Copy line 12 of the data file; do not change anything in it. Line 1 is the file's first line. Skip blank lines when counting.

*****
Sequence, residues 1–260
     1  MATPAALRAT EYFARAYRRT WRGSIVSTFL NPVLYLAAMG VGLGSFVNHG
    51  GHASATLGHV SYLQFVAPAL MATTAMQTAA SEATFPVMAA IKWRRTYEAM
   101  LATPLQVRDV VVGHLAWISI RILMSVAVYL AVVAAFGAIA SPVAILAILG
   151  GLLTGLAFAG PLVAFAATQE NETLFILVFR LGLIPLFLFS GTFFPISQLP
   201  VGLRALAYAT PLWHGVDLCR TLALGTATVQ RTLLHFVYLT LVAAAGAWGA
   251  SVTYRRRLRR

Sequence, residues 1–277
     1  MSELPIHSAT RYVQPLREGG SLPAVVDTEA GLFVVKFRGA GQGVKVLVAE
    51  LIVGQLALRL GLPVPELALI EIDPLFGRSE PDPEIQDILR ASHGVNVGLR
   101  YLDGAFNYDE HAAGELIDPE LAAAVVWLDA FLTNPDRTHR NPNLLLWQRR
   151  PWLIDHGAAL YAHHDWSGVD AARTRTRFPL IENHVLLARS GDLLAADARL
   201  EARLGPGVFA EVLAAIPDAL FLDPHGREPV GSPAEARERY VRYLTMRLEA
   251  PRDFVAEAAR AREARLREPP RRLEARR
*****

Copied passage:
   151  PWLIDHGAAL YAHHDWSGVD AARTRTRFPL IENHVLLARS GDLLAADARL